hurtle

From King Dictionary of Contemporary Englishhurtlehur‧tle /ˈhɜːtl $ ˈhɜːr-/ verb [intransitive always + adverb/preposition] FAST/QUICKif something, especially something big or heavy, hurtles somewhere, it moves or falls very fast All of a sudden, a car came hurtling round the corner.→ See Verb table
Examples from the Corpus
hurtleThey drove through the brightly lit city streets of Tsimshatsui, and it was like hurtling back to earth through the atmosphere.Within seconds of hurtling down the runway the great plane was airborne.This gave me a great sense of freedom - and, just occasionally, I did hurtle down the street at night!It accelerated like one of those old twentieth century water-speed record breakers and hurtled over the water!A few moments later the ferry hurtles past.Still calling to Williams for a more precise location, Adams hurtled through Pine Ridge village at high speed.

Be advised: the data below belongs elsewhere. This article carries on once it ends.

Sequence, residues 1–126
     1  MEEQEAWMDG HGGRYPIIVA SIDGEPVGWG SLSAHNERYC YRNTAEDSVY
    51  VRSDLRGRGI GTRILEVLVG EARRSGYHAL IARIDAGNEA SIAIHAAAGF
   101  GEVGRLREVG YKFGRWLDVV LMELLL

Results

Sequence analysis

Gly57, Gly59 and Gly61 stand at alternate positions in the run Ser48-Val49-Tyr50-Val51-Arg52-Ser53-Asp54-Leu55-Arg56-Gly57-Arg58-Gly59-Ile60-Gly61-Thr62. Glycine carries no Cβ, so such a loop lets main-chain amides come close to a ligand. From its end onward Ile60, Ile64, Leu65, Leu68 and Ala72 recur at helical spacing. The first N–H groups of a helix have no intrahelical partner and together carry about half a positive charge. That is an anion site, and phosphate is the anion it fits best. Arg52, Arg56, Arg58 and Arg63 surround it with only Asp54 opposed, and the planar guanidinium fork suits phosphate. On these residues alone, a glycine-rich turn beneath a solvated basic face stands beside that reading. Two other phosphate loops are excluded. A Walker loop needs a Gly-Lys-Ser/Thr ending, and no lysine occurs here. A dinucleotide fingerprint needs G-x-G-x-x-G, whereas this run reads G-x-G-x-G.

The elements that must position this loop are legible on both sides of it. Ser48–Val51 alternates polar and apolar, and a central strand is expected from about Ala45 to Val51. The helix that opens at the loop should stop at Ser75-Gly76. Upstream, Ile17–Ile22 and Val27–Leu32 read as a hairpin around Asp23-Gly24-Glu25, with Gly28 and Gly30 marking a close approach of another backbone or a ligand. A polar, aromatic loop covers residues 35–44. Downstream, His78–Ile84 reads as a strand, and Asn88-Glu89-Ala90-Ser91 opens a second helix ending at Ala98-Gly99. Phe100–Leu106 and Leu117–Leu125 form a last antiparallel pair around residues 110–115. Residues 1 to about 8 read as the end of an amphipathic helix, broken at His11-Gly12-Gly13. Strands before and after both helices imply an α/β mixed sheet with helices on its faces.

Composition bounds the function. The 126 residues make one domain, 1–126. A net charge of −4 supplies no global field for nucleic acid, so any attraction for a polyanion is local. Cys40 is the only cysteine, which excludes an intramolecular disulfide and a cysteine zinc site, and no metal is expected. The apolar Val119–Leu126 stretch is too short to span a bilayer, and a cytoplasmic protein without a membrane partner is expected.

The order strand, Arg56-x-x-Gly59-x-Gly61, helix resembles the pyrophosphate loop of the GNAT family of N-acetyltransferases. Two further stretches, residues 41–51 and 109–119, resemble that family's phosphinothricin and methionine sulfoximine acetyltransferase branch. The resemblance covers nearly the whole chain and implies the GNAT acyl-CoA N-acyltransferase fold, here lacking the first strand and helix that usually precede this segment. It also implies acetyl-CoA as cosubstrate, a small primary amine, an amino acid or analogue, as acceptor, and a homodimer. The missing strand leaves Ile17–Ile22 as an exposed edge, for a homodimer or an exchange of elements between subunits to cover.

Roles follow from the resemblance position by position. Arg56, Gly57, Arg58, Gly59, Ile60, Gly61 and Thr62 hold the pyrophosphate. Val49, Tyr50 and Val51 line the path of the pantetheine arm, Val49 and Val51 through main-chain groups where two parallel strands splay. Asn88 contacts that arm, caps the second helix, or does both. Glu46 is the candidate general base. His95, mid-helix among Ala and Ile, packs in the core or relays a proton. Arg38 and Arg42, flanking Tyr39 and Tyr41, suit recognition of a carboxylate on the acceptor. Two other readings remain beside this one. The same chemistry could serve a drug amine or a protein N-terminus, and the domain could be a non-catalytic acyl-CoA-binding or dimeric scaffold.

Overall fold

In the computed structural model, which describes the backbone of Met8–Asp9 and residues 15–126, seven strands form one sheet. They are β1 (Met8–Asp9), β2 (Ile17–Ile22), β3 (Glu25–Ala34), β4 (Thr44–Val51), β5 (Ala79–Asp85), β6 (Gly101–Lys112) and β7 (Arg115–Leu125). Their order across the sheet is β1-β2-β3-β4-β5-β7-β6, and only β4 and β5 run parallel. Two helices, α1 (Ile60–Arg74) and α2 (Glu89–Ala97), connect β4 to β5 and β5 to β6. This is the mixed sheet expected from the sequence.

Origin hurtle (1200-1300) hurt